Hyperopia and Emergent Literacy of Young Children: Pilot Study
Shankar, S., Evans, M.A. and Bobier, W.R.
The purpose of this study was to compare preschool and early-school-aged children to determine whether there were differences between hyperopic and emmetropic children in their emergent literacy skills, as well as their visual cognitive skills.
A longitudinal study was conducted and 41 children ages 4 through 7 years were recruited from a vision follow-up on the basis of their refractive status.
No differences found in single letter VA for hyperopes and emmetropes and crowded letters for the right eye.
Results indicate that there are no differences between hyperopes and emmetropes in visual cognitive abilities.
No statistically significant differences between the 2 groups were found for visual motor or visual perceptual skills, age, and some family variables known to contribute to emergent literacy skills.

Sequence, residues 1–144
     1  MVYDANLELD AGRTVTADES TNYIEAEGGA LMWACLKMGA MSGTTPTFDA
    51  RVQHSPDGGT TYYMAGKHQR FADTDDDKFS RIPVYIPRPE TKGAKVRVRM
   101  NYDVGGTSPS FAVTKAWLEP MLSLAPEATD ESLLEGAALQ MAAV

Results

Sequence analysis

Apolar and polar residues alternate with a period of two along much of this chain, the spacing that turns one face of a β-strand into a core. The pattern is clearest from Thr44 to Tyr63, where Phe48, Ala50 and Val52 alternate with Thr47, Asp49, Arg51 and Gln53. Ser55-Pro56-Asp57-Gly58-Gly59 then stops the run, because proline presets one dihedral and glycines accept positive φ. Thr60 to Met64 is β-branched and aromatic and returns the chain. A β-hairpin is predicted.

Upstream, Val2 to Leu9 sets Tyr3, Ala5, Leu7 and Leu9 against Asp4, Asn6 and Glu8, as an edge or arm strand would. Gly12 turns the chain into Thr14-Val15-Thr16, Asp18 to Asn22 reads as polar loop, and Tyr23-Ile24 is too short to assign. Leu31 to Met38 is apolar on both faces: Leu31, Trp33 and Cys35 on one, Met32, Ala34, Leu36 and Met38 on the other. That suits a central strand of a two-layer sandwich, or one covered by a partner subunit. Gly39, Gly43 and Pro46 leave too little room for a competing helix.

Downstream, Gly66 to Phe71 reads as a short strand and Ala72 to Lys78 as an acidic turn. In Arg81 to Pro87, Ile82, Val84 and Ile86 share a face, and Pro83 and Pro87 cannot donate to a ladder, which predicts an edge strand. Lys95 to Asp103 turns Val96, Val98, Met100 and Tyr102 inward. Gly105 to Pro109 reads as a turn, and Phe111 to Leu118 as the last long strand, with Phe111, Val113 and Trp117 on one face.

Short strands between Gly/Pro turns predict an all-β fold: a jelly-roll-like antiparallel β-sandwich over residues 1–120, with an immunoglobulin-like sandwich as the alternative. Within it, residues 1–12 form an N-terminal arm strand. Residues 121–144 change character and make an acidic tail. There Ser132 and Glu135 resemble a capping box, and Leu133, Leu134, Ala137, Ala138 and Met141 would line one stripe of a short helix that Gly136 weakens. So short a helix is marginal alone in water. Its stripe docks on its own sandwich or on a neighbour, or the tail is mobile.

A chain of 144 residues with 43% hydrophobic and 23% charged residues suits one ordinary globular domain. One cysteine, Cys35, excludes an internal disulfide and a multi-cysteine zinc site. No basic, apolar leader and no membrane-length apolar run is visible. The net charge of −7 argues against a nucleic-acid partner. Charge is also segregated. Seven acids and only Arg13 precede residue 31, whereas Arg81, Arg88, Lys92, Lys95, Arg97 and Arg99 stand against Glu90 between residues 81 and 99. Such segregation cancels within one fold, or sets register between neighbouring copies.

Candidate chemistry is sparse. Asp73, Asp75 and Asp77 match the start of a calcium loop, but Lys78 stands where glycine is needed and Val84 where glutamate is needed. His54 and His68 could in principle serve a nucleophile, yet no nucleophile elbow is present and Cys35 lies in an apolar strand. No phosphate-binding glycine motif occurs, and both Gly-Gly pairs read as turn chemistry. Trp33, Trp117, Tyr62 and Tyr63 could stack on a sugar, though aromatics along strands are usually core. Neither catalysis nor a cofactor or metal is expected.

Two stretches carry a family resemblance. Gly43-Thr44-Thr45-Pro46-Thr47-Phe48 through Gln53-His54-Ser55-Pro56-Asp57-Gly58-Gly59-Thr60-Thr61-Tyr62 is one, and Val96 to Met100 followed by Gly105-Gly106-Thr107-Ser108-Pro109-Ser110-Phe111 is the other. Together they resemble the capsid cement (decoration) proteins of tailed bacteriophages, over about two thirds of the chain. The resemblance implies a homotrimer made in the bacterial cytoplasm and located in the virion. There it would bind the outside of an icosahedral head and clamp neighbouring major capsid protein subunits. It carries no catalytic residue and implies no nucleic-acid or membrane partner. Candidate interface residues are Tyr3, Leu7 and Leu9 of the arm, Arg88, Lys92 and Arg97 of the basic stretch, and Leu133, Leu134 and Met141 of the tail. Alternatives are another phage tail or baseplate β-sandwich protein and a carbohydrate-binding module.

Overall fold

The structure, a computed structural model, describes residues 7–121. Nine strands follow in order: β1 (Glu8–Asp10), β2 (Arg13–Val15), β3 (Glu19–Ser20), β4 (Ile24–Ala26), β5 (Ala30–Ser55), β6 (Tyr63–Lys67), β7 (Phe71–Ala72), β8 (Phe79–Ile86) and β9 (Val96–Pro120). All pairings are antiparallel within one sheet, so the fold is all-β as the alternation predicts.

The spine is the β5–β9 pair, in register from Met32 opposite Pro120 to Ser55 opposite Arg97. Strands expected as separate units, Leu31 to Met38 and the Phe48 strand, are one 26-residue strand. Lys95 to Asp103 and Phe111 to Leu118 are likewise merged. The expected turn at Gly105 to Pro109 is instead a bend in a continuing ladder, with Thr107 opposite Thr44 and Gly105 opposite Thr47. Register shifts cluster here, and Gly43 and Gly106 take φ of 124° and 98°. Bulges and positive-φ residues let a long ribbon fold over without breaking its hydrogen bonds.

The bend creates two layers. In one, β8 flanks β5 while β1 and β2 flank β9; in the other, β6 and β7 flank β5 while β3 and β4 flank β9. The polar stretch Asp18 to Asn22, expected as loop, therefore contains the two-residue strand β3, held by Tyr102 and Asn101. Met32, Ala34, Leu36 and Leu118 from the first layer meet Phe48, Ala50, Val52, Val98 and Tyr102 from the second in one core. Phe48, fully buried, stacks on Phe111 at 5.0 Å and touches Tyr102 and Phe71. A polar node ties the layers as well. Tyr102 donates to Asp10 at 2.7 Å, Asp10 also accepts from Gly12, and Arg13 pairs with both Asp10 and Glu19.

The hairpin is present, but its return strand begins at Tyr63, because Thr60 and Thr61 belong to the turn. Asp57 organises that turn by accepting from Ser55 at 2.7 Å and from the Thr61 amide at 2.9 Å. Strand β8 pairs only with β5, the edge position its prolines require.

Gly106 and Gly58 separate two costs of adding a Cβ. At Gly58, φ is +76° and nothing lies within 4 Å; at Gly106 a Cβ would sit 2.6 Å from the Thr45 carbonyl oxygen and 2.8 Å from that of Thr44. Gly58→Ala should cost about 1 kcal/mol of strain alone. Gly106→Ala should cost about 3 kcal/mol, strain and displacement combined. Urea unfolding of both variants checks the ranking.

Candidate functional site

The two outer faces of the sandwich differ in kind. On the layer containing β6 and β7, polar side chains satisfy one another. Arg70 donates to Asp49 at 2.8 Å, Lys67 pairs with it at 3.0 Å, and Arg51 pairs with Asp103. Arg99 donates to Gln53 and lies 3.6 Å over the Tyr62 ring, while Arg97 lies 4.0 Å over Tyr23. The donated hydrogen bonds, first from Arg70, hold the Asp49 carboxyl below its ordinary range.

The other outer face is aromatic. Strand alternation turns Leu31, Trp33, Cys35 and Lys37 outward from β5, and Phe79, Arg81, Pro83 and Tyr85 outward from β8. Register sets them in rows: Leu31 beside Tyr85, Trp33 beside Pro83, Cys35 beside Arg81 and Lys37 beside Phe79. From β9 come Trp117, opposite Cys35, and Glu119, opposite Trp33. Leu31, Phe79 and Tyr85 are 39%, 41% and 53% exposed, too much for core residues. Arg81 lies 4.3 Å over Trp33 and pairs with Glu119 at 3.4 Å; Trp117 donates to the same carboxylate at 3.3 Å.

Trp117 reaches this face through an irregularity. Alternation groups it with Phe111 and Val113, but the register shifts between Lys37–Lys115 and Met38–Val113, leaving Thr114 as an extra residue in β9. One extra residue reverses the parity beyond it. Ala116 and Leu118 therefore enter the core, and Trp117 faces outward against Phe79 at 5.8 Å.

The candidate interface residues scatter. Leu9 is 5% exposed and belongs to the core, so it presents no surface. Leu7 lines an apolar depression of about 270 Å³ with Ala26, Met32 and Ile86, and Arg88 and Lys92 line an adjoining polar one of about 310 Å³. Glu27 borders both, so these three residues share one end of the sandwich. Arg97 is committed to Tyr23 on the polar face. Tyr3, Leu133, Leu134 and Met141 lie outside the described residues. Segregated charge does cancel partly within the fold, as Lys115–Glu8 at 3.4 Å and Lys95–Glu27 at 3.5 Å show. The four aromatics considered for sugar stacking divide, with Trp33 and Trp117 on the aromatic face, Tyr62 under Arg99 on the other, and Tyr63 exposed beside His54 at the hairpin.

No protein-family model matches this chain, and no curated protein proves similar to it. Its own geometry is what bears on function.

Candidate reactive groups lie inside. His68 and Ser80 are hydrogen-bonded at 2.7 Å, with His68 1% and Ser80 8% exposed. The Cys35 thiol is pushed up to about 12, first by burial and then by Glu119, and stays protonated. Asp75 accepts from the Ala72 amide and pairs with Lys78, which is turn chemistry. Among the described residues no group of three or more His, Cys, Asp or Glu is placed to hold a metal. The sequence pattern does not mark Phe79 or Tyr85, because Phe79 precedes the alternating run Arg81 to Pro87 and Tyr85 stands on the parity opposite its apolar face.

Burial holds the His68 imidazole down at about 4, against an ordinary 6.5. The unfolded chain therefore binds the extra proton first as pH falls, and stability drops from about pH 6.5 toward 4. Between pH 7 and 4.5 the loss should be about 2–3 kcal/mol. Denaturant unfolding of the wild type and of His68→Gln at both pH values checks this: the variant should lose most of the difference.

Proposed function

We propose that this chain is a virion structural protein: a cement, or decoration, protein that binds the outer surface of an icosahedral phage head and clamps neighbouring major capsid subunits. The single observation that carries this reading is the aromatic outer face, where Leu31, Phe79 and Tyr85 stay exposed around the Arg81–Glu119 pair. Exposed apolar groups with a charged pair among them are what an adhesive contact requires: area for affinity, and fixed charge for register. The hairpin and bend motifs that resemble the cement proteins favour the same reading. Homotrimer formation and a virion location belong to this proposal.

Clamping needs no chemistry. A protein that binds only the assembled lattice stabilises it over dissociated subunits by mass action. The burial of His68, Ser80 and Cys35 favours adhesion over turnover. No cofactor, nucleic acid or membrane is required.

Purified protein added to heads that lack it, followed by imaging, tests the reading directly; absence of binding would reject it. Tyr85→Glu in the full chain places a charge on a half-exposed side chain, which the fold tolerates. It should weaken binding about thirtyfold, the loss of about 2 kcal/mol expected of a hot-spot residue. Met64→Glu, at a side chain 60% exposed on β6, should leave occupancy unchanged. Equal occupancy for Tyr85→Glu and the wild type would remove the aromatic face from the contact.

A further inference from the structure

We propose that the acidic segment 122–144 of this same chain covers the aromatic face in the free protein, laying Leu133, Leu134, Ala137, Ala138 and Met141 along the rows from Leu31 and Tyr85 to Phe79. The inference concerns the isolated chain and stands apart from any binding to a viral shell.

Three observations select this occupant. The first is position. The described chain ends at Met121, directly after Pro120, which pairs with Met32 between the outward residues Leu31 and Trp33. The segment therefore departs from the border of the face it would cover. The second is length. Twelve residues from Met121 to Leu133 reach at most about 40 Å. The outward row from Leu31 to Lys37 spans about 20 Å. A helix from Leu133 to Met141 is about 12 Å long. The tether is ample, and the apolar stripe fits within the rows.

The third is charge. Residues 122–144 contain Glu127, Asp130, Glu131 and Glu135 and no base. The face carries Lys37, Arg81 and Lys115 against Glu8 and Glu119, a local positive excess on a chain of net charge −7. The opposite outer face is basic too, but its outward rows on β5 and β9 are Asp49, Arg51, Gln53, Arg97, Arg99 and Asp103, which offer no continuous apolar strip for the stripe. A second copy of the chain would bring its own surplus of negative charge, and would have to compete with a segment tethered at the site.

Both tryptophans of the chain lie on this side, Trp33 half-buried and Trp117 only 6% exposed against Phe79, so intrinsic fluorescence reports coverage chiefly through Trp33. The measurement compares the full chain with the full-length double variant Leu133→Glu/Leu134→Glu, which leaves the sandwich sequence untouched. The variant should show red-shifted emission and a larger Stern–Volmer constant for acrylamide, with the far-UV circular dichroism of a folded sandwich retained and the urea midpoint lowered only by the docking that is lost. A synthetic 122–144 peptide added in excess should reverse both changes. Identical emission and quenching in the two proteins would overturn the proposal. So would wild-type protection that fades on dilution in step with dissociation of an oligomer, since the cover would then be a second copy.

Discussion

Hyperopia and the poorer progress in emergent literacy relationship is complex.
It is not clear if the relationship of these factors is causal, and whether the hyperopes will catch up to the emmetropes with time.
This article was identified as a reference for a VII-commissioned systematic review on the Impact of URE on Children.